For those on the left who have taken up the cause of Bashar al-Assad’s survival, the universal tactic is to make the rebels seem so awful that he becomes a “lesser evil” by comparison in the same way that Hillary Clinton is in the 2016 elections. And for that tactic to succeed, it is essential to play up the alleged Saudi and CIA connections to the Syrian rebels and downplay to the vanishing point any of the goals put forward by the overwhelmingly peaceful and democratic opposition of early 2011. Most of all, you have to search for that secret document that proves once and for all that the Syrian revolution was no revolution at all and merely a proxy war by Washington and its Wahhabi allies against a secular state that despite its authoritarian tendencies was far better than al-Qaeda or ISIS. Wikileaks becomes a primary resource for the search for a smoking gun, the latest instance of which is a 2014 Hillary Clinton email that was cited by both Ben Norton and Patrick Cockburn.
Norton’s Salon.com article is titled “Leaked Hillary Clinton emails show U.S. allies Saudi Arabia and Qatar supported ISIS”. He writes:
A recently leaked 2014 email from Hillary Clinton acknowledges, citing Western intelligence sources, that the U.S.-backed regimes in Saudi Arabia and Qatar have supported ISIS.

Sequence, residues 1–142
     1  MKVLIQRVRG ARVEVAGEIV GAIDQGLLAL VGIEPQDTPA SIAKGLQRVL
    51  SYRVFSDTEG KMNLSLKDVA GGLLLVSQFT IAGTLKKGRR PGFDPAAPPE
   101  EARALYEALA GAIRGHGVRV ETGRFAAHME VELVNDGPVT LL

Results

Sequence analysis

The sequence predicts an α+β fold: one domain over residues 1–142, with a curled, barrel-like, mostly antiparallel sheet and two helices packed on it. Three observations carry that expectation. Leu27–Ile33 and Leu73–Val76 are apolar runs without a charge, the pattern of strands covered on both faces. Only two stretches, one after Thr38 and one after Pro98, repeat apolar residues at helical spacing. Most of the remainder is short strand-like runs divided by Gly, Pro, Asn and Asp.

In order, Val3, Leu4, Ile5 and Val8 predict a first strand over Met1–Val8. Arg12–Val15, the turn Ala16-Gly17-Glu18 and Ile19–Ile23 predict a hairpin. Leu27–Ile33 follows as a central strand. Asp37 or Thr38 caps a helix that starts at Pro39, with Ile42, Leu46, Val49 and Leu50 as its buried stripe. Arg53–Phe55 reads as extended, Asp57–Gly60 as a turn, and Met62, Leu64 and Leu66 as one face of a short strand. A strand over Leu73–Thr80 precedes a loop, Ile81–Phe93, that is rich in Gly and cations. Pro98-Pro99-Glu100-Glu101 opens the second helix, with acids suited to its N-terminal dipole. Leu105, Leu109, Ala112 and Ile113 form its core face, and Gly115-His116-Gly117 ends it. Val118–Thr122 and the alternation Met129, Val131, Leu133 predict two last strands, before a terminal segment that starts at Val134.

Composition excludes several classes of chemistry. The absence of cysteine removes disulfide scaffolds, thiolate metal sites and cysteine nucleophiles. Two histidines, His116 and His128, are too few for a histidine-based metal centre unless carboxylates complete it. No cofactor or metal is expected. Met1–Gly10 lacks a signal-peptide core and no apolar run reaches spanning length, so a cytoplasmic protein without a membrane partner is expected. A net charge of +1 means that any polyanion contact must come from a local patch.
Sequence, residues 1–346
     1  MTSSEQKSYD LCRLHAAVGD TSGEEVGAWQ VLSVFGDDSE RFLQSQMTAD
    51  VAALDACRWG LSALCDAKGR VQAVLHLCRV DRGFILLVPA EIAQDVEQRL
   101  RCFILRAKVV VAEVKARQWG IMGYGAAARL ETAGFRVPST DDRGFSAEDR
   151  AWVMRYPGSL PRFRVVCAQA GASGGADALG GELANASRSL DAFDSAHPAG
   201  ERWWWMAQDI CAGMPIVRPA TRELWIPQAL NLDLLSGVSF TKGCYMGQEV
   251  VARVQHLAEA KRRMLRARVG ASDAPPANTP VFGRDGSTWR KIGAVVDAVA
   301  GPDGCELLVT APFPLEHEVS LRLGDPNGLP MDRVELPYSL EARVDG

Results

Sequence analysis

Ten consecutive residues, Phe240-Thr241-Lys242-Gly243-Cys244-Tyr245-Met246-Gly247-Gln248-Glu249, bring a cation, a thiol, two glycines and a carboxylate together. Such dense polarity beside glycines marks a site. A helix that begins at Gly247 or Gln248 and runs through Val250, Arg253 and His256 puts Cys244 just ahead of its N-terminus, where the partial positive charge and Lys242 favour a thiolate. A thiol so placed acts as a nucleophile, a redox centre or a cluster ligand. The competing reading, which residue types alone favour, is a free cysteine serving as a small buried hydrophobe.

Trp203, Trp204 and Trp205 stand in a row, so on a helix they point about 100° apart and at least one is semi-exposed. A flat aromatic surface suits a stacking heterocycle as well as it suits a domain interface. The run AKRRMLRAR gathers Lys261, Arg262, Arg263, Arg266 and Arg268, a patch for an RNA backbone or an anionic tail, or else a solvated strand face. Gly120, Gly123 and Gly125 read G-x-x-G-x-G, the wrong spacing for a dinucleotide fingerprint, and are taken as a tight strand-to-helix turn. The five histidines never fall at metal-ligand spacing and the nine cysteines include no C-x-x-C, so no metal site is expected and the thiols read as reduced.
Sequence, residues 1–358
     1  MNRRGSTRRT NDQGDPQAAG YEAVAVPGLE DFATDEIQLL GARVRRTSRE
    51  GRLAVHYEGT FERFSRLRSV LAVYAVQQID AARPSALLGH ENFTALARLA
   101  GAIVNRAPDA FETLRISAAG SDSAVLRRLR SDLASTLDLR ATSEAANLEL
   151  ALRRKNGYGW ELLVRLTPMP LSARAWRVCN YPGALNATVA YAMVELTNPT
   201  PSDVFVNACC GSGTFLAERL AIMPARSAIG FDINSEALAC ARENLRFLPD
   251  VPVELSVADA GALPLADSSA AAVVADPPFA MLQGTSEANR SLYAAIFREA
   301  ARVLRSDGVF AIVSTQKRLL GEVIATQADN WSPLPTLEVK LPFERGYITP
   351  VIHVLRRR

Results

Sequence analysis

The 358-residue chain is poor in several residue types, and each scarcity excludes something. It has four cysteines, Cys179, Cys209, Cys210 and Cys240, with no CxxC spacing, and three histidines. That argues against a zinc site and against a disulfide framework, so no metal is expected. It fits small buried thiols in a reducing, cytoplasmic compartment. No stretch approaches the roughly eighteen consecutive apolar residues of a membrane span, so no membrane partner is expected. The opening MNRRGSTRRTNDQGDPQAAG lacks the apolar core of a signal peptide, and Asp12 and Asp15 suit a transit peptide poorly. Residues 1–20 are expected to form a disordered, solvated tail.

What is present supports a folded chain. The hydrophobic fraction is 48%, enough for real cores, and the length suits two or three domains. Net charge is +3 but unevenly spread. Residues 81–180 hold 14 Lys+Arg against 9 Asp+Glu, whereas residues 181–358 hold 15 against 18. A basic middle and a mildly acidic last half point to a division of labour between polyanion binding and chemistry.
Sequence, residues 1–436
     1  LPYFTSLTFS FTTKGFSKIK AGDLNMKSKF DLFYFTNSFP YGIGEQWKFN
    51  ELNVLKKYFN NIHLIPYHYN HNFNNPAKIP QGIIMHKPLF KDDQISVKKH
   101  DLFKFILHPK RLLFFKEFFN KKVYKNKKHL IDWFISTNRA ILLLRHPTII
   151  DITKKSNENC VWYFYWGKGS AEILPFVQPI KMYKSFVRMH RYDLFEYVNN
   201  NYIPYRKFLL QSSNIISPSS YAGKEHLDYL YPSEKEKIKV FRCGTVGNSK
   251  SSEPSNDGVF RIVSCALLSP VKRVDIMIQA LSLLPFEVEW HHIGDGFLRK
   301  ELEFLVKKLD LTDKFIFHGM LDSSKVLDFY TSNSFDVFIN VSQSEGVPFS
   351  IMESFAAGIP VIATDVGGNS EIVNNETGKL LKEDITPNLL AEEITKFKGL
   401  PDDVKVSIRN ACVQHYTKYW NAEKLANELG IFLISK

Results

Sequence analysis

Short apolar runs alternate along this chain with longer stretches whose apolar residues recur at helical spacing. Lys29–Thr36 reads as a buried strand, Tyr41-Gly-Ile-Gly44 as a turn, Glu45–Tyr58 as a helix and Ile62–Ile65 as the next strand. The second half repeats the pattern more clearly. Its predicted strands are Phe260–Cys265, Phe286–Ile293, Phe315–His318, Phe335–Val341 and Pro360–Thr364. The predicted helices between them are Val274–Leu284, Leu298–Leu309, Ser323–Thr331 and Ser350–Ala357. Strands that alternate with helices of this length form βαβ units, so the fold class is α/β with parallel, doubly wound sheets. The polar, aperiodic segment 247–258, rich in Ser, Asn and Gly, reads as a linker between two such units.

“We need to use our diplomatic and more traditional intelligence assets to bring pressure on the governments of Qatar and Saudi Arabia, which are providing clandestine financial and logistic support to ISIL and other radical Sunni groups in the region,” the document states.
This adds to a growing body of evidence that theocratic Gulf monarchies have helped fuel the surge of extremist groups throughout the Middle East.
Meanwhile, Cockburn writes an article titled “We finally know what Hillary Clinton knew all along – US allies Saudi Arabia and Qatar are funding Isis” for The Independent, referring to the same email:
It is fortunate for Saudi Arabia and Qatar that the furore over the sexual antics of Donald Trump is preventing much attention being given to the latest batch of leaked emails to and from Hillary Clinton. Most fascinating of these is what reads like a US State Department memo, dated 17 August 2014, on the appropriate US response to the rapid advance of Isis forces, which were then sweeping through northern Iraq and eastern Syria.